To celebrate my release from the shackles of academia for the year, I decided to buy myself a book. Or six. OK, to be fair, I only planned on buying one. But it never quite works out that way. I have a running list of "Must Reads" which are on my shelf and "Must Buys" which I plan to acquire. They never get any shorter as there are just so many bloody good books out there and I haven't had nearly enough time to read even a fraction of them.
I guess a major life goal of mine is to be as widely read as possible and I feel a certain amount of urgency about this. The more I study in the field of literature the more I become aware that there is so much out there I haven't read that I need to. Being the youngest in my class a lot of the time through my Masters papers, there have been so many times when the "Have you read this?" question comes up in general discussion and yet again I am found lacking. Of course, I have had less time and I have done reasonably well in the time I have had BUT! The lists keep growing as does my passion about reading great books.
My acquisitions this week, in no particular order, are:
The Historian by Elizabeth Kostova; On Beauty by Zadie Smith; Love in the time of cholera by Gabriel Garcia Marquez; Case Histories by Kate Atkinson; Perfume by Patrick Suskind and The inheritance of loss by Kiran Desai.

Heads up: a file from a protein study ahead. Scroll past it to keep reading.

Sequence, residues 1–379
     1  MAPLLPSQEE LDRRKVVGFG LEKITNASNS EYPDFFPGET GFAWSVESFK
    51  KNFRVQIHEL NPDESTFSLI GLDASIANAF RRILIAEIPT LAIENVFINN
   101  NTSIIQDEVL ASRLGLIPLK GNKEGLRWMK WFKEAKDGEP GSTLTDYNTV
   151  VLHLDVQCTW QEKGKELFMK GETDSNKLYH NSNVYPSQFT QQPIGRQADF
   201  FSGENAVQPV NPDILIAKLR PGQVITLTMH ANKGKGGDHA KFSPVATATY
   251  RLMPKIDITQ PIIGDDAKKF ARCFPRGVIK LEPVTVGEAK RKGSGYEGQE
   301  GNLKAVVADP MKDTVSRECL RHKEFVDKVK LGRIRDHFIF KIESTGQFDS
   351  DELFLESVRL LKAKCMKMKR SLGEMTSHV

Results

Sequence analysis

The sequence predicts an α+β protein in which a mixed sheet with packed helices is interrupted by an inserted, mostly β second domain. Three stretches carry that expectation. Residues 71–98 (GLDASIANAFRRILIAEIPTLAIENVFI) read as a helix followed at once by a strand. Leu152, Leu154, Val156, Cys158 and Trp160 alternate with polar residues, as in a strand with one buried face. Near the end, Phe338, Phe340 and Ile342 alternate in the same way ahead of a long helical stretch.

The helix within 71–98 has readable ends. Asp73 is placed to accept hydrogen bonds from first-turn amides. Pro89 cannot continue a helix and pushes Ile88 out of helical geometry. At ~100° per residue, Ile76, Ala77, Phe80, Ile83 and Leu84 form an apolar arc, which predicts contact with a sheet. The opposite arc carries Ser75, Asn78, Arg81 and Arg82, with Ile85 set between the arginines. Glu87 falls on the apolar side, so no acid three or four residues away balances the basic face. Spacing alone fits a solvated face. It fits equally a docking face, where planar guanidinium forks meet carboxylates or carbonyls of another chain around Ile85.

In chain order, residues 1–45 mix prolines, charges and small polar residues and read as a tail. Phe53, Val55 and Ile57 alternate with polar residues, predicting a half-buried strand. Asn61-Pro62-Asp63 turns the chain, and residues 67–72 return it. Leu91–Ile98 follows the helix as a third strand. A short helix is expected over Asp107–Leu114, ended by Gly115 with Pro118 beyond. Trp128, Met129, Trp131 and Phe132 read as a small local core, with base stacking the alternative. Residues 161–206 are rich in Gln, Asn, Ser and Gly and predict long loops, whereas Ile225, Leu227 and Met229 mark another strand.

I have been accused of being a book snob on a few occasions (and a movie snob) as I tend not to spend much time reading or watching the more lightweight stuff. That doesn't mean I don't appreciate the more lightweight books - I do. I just don't see how I can spend time reading something I will quickly forget when I have so much serious catch up work to do on contemporary literature. Besides, I find reading a novel that challenges and surprises me far more satisfying.
I'm currently reading The book and the brotherhood by Iris Murdoch for the book club at work, which is going well. I've only really just got into it and figured out who everyone is. I was warned about the proliferation of characters before I started reading her (I'm a Murdoch novice) but I had no idea that you could include so many differing characters and keep the attention of the reader. It's a true testament to Murdoch's skill as a writer. In any case, more will follow on that I'm sure.
For now, I am going to add these six beauties to my ever swelling collection in my on-going quest to be even more of a book nerd than I am now. Happy reading!!